The Mighty Fine - Bad Timing for Everything (Cover Artwork)
Staff Review

The Mighty Fine

Bad Timing for Everything (2010)


You may not have heard of the Mighty Fine yet, but considering the mighty-fine Orgcore company they find themselves in, maybe you will soon. American Steel guitarist/vocalist Ryan Massey produced their slick debut, Bad Timing for Everything, and even managed to snag a tour with Nothington and Spanish Gamble. But throughout this album's promising course, the Mighty Fine look to set themselves up for something far more ambitious and resonant.

At first, the Mighty Fine appear to ride the pop-punk hyphen in an able and relatively mature way, with leading vocalist/guitarist Brook Thompson bearing a clean, straight delivery containing the right touch of melody and charisma. When the band nestles into that categorization neatly, it's sort of like a gravel-less take on the Menzingers, but the band step outside the box plenty, especially as the record wears on.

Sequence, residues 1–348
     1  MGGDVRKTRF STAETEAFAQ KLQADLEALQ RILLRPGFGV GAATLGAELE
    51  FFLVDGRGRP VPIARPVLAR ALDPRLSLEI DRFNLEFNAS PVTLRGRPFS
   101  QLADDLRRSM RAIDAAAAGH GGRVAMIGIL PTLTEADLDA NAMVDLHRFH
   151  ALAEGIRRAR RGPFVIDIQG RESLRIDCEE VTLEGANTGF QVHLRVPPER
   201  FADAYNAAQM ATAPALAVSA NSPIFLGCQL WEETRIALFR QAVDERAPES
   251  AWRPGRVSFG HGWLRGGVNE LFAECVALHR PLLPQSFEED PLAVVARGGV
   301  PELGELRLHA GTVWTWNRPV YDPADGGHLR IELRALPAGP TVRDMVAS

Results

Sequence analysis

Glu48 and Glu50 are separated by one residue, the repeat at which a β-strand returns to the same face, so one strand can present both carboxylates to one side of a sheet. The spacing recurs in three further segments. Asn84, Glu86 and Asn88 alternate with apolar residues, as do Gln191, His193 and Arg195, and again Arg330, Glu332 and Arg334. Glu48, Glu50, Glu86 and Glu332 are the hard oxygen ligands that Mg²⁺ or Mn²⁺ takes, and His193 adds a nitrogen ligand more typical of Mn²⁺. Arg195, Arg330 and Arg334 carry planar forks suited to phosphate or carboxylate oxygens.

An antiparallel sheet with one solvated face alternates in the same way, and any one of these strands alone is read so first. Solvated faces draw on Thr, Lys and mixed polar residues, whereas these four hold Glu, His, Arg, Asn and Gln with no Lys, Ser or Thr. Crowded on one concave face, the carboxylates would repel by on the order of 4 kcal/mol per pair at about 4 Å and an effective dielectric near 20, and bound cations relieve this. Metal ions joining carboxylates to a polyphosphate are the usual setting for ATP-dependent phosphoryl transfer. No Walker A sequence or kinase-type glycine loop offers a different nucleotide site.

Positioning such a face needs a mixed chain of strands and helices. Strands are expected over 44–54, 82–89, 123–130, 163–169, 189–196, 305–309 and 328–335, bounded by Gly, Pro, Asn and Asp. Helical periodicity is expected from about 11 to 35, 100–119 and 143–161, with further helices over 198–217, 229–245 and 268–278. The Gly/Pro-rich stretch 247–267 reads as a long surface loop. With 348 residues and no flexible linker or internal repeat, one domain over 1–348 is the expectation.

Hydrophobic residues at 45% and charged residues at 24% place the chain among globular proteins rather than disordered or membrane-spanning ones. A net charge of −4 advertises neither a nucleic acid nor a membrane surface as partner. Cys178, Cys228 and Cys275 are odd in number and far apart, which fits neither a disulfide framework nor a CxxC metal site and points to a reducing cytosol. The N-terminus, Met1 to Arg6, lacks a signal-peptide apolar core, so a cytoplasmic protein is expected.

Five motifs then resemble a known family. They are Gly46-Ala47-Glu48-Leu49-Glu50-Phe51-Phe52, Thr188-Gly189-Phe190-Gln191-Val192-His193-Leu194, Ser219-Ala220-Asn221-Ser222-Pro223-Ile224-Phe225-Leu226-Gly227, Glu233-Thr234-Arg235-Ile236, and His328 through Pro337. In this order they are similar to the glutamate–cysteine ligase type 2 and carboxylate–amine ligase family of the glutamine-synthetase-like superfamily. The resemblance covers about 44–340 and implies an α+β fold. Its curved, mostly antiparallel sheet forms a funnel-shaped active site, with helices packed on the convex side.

There's a '90s alternative pop feel on "North" and a poppy prairie-rock meets Gods Reflex feel with "Brooklyn Nights." The type of restraint they exhibit is sort of comparable to Fake Problems' latest, Real Ghosts Caught on Tape, but when they come through with "New Face of Blue," it shines with warm, exploratory guitar tones and an as-yet-unrealized potential that's just indescribable. When they guide into the simpler, chuggier "Sally May," though, it doesn't necessarily sound like they're cheapening themselves--just having a little more fun, really.

This album isn't quite...well, you know...but the band is well on its way.

Bad Timing for Everything